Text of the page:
No other ancient dynasty conjures a more diverse and rich portrait of the afterlife. The greats, the peasants, the animals, the lords and nobles all buried within the same proximity; the relentless Sahara desert. Here they lie, guarded by complex and inexplicably created pyramids, untouched since the beginning of time. Their moment to glory has come once again as the popularization of Ancient Egypt infiltrates the media. But what is it about Ancient Egypt that we as modern citizens identify with?  Their incredibly intelligent and forward thinking capacity for learning? Their rich and diverse culture of Arabic, Coptic, Roman, Greek, amassed from centuries of foreign invasions? Or perhaps we see it as a fantastical diversion, a culture shock so different from our own? But it is more than that.  From the dawn of time society has been captivated by death, we celebrate death, we mourn the dead, and we have our own individualistic rituals.  But our rituals lack the flair of Ancient Egypt.

The Egyptians had elaborate beliefs about death and the afterlife. They believed that humans possessed a life-force (ka), which left the body during death. In life, the ka received its sustenance from food and drink, so it was believed that, to endure after death, the ka must continue to receive offerings of food, whose spiritual essence it could still consume. Each person also had a ba, the set of spiritual characteristics unique to each individual. Unlike the ka, the ba remained attached to the body after death. Egyptian funeral rituals were intended to release the ba from the body so that it could move freely, and to rejoin it with the ka so that it could live on as an akh.

However, it was also important that the body of the deceased be preserved, as the Egyptians believed that the ba returned to its body each night to receive new life, before emerging in the morning as an akh. The nobles would have a chance to become one with the gods, whereas dead commoners passed into a dark, bleak realm that represented the opposite of life. The nobles received tombs and the resources for their upkeep as gifts from the king, and their ability to enter the afterlife was believed to be dependent on these royal favours. In early times the deceased pharaoh was believed to ascend to the sky and dwell among the stars. Over the course of the Old Kingdom (c. 2686–2181 BC), however, he came to be more closely associated with the daily rebirth of the sun god Ra and with the underworld ruler Osiris as those deities grew more important.

In the fully developed afterlife beliefs of the New Kingdom, the soul had to avoid a variety of supernatural dangers in the Duat, before undergoing a final judgement known as the “Weighing of the Heart”. In this judgement, the gods compared the actions of the deceased while alive (symbolized by the heart) to Ma’at, to determine whether he or she had behaved in accordance with Ma’at.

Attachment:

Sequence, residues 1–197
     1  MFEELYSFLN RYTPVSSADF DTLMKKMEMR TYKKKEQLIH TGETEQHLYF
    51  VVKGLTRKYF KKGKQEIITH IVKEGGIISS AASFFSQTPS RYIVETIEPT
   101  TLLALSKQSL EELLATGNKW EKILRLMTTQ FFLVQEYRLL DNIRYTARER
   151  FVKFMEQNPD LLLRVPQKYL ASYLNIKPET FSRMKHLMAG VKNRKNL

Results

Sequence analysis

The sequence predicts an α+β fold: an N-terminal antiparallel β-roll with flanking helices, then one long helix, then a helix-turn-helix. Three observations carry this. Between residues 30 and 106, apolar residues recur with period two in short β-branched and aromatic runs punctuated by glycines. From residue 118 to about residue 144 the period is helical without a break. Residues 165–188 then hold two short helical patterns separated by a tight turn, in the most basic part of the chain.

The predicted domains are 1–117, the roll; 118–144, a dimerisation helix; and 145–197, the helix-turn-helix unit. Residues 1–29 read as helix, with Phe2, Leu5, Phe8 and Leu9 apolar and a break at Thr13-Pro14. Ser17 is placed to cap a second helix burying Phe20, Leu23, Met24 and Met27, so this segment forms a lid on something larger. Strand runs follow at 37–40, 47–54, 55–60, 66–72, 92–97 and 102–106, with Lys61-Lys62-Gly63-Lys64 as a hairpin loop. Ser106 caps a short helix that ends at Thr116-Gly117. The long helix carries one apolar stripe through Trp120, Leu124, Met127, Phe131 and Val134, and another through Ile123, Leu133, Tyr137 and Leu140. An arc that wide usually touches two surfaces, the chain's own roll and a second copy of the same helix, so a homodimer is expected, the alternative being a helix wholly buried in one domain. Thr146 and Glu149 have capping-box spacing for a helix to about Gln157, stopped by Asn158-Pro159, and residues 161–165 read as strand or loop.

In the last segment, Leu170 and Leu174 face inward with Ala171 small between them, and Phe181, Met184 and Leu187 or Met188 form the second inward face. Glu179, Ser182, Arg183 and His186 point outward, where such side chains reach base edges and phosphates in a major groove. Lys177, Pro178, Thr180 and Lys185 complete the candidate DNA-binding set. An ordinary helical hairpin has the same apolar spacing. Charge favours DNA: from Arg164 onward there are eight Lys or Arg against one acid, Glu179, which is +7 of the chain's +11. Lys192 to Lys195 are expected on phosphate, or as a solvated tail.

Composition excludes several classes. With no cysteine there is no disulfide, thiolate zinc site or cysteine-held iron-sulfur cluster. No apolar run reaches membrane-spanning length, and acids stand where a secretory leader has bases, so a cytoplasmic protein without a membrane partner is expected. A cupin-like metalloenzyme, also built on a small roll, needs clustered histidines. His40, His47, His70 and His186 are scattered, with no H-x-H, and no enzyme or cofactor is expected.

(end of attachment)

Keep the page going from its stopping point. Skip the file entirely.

In The Egyptian Book of the Dead it is recorded that the soul would be led before the god Osiris and recite the forty-two negative confessions beginning with the prayer, “I have not learnt the things which are not” meaning that the soul strove in life to devote itself to matters of lasting importance rather than the trivial matters of everyday life. The forty-two negative declarations which followed the opening prayer went to assure Osiris of the soul’s purity and ended with the statement, “I am pure” repeated a number of times.

It was not the soul’s claim to purity which would win over Osiris, however, but, instead, the weight of the soul’s heart. The ‘heart’ of the soul was handed over to Osiris who placed it on a great golden scale balanced against the white feather of Ma’at, the feather of truth, of harmony, resting on the other side. If the soul’s heart was lighter than the feather then the soul was freely admitted into the bliss of the Field of Reed and his or her ka and ba were united into an akh.

Several beliefs coexisted about the akh’s destination. Often the dead were said to dwell in the realm of Osiris, a lush and pleasant land in the underworld. The solar vision of the afterlife, in which the deceased soul travelled with Ra on his daily journey, was still primarily associated with royalty, but could extend to other people as well. Over the course of the Middle and New Kingdoms, the notion that the akh could also travel in the world of the living, and to some degree magically affect events there, became increasingly prevalent.

Should the heart prove heavier, however, it was thrown to the floor of the Hall of Truth where it was devoured by Amenti (a god with the face of a crocodile, front of a leopard and the back of a rhinoceros) and the individual soul then ceased to exist. Reminiscent of a court tribunal today, Egyptians had an acute sense of right and wrong. But the afterlife not only sought justice and the truth; it was also characterized by mummification, sacrifices and celebrations of the ascension into death, which will be discussed in part 2 of this article. See you next week!